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Re: Re: books on writing packages

  • To: mathgroup at
  • Subject: [mg56695] Re: [mg56664] Re: books on writing packages
  • From: "David Park" <djmp at>
  • Date: Wed, 4 May 2005 00:33:04 -0400 (EDT)
  • Sender: owner-wri-mathgroup at

Just to add a little more to the 'obvious': To make effective use of
Mathematica one will almost always have to write some routines. No CAS can
ever cover every need for every subject in a convenient manner.

When working on some subject, I always organize my notebooks in Sections
(always using Automatic Grouping!) My first Section is an Initialization
section. My second Section is always a Routines section. As I write routines
I gather them in the Routines section (and write usage messages for them).
Sometimes, if I have multiple notebooks, I copy the Routines section from
notebook to notebook. After a while, I pick out the routines that seem
really general and useful and move them to a package.

So simply by organizing your notebooks in a sensible way (i.e., the default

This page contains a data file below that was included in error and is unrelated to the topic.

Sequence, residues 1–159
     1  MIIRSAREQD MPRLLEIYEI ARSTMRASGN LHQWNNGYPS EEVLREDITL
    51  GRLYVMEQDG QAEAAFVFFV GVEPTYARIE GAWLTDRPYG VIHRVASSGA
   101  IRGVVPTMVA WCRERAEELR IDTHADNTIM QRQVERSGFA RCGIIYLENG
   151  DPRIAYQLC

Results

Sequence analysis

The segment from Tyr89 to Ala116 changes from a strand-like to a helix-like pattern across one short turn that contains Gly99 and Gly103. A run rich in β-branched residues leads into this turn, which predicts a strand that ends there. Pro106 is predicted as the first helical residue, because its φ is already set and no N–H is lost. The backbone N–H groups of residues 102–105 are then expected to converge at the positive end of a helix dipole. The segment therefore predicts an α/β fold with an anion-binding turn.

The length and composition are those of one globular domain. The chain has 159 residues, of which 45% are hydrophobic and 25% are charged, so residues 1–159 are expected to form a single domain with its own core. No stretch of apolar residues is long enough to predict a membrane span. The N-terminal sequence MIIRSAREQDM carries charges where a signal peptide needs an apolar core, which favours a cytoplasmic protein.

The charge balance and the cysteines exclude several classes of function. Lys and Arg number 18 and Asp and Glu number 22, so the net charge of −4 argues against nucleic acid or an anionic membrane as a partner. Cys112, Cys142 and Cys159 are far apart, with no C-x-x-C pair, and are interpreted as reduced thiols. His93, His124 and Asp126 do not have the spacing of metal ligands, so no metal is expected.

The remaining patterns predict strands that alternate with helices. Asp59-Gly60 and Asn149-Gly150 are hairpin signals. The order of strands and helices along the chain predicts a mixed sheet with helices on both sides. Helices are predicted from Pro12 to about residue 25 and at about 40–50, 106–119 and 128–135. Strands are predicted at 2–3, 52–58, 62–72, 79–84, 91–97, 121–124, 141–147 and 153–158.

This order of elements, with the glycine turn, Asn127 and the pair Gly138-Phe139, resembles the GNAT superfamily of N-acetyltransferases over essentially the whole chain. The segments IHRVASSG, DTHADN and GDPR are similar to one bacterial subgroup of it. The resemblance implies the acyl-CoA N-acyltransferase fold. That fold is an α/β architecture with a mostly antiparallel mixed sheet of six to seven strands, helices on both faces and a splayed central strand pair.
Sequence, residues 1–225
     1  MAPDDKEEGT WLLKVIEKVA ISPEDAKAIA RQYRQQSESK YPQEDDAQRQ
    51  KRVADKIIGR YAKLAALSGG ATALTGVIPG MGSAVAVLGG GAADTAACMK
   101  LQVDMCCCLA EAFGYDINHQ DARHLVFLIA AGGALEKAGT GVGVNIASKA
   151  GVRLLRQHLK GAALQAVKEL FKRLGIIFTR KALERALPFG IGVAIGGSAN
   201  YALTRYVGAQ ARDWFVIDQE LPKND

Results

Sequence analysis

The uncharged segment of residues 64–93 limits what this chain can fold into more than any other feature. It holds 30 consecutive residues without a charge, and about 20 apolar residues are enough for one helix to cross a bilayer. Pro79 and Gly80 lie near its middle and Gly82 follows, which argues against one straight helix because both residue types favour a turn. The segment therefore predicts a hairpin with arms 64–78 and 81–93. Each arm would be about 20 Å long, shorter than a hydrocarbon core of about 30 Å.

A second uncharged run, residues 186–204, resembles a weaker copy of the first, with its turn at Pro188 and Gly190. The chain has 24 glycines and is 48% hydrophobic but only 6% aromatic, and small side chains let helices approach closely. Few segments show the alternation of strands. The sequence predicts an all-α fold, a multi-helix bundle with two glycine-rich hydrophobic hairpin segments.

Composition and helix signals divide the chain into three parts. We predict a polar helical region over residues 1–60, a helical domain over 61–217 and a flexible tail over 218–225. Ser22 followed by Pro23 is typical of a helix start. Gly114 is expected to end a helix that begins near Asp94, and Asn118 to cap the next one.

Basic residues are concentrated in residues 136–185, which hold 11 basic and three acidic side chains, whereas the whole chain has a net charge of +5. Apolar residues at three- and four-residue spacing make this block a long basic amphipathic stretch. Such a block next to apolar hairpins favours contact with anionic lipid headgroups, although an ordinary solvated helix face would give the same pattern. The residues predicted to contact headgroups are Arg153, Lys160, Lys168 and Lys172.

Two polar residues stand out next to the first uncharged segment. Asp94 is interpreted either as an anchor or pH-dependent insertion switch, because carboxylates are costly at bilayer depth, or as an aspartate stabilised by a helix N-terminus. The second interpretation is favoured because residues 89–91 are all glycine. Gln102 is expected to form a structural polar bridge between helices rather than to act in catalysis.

way that WRI has set up for us) it is easy to build up routines and
transistion to packages.

David Park
djmp at

From: David Bailey [mailto:dave at]
To: mathgroup at

marlinswin at wrote:
> I'd like to learn to write my own packages for both research and
> teaching purposes. Is there any good books or references on package
> authoring?
> Thanks.

I would just like to emphasise that
packages are really only a symbol hiding mechanism. Everything that you
can write inside a package can be written without one. The advantages of
using one or more packages only really kick in when you have a fair
amount of code and several people are working on it. Furthermore, most
people start by creating Mathematica code outside a package and package
it afterwards. By the time you have written enough working code to need
a package, it will probably seem fairly simple to create!

Apologies if I am stating the obvious,

David Bailey

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